For the past week, New Yorkers have awoken to soupy gray skies, a dull-orange sun, and warnings on their phones declaring that going outside is “unhealthy for sensitive groups.” Smoke from more than 400 Canadian wildfires — burning a record-breaking number of acres in what could be the country’s most destructive fire season ever — is drifting across the continent, making air quality from Maine to Minnesota some of the worst on the planet. Inhaling far-flung smoke particles, once a rare occurrence, has now become a perennial event. To make sense of the current haze, I spoke to Daniel Westervelt, a Lamont Assistant Research Professor at Columbia University’s Lamont Doherty Earth Observatory and an air-pollution adviser to the U.S. State Department. We talked about how to protect yourself, when the skies will clear — and why people should prepare for more days like these.
Every time this happens, the science of it really seems impossible. How can these tiny smoke particles travel thousands of miles?
On average, particles in the atmosphere last around seven to ten days. When it rains, the particles interact with the rainfall and then fall out to the surface. The heavier particles can be affected by gravity and don’t need the assist from precipitation to be removed. However, with smoke particles, because the smoke plumes are so hot, they cause a rapid amount of atmospheric convection, which is this strong vertical motion upward. So these particles then get into higher layers of the atmosphere, where they’re not as affected by a lot of the meteorology that can remove them. They can last even longer — on the order of a couple weeks. If you look at average wind speeds, that’s definitely enough time to go from the middle of Quebec to Manhattan.
So what you’re breathing in today is actually weeks-old fire. How much longer will this last?
It’s mostly controlled by meteorology. There’s some discussion today about how there are more plumes of smoke in southern Canada and it looks like they will be coming down to the northeastern U.S. with the prevailing winds. So that’s one of the reasons people are saying that this might last for a couple more days.
The skies have been gray for a week, but air quality really noticeably plummeted over the last day or so. The forecast warns about more “near surface” smoke. What does that mean?
This is what’s called subsidence and entrainment — smoke entering the lowest part of the atmosphere, the planetary boundary layer, where we breathe. If meteorological conditions are conducive, the smoke can actually be breathed in by people at the surface. And the surface is also where the monitoring sites are located.
So when I’m seeing current readings from these air-quality monitors in Manhattan of 125 and 138 — and, farther north, 152 and 164 — what do these say to you?
If you see AQIs of greater than 100, it’s definitely into the territory of unhealthy, especially for sensitive groups, so for older adults, children, teens, plus people with preexisting conditions — asthma or some kind of respiratory issues — it’s recommended to stay indoors and refrain from strenuous outdoor activity, anything that would require you taking in a higher volume of air that would be laden with these particles.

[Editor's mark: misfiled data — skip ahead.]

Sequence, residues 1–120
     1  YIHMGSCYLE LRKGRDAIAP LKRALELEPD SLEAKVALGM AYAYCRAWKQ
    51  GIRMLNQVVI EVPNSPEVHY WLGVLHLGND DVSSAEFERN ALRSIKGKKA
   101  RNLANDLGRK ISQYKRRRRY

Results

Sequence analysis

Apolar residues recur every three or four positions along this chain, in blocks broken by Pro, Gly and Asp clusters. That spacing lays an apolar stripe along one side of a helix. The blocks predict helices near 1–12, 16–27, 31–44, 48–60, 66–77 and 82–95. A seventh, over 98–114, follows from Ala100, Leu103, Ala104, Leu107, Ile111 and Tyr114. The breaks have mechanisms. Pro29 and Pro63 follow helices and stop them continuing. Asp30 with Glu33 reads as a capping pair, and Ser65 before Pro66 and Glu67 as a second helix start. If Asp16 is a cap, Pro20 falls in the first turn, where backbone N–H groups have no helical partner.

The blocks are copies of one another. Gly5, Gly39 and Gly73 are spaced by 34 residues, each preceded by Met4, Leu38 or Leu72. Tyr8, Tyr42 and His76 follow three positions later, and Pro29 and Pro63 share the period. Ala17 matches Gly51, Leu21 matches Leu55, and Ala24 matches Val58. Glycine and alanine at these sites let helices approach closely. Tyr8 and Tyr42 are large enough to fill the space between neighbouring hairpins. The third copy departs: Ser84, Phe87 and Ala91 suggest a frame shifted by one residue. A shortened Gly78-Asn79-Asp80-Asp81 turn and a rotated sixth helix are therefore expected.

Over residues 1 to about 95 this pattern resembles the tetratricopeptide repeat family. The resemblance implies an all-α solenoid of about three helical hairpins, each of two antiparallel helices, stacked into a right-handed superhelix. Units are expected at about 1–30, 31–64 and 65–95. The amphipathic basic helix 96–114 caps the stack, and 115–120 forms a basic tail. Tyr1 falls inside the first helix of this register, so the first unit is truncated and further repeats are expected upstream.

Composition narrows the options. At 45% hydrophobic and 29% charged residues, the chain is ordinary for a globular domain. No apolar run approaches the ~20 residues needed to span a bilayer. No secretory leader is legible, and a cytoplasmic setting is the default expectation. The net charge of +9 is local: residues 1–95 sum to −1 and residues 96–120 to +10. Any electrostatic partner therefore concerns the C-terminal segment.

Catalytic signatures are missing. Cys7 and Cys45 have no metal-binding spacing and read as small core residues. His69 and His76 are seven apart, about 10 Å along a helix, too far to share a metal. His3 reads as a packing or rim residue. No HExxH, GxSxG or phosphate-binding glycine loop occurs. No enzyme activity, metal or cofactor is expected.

What are you personally doing?
I’m not going to be doing any biking or running or anything outside today. I’m mostly staying indoors. It’s a good day, if people are so privileged, to use the indoor gym rather than go for a run along the Hudson River.
One way to protect yourself is something we all have handy now — really good masks. Do you endorse wearing a mask if you have to be outside for a long time?
It certainly won’t hurt. Especially the N95 and KN95 masks, which are definitely capable of filtering out the type of smoke particles that are floating around out there. It would give you an extra layer of protection.
But overall —
People should spend their time indoors. You can also turn on your HEPA filter if you have one, because while indoor air should be lower in particle concentration than outside, we still have a lot of that air that makes its way in one way or another, so we can expect higher concentrations indoors as well. Having some kind of filter is a good thing today. I’ve got mine running right now.
And even if you don’t have an air purifier, if you have an AC unit or central air, you can run that, as long as you remember to change the filter?
Are there any other ways to prepare for more of these types of events in the future?
Downloading an app on your phone that tracks air quality. There’s also all kinds of citizen science you can do. People can buy little low-cost sensors that they put in their backyards or hang off their apartment fire escapes. All of this crowdsourced data has really enhanced our ability to diagnose these extreme pollution events that are sometimes caused by fires.
It seems like this happens every year now. Is this our new reality?
There’s solid evidence that wildfires are becoming more frequent, partially due to climate change causing these drought conditions that allow for more fuel to burn. If you went back 20 or 30 years, this was probably a pretty rare occurrence, if ever. Fires are getting more common; they’re getting more intense. And with that comes the possibility that these fires transport their particles to other parts of the world and affect our air quality.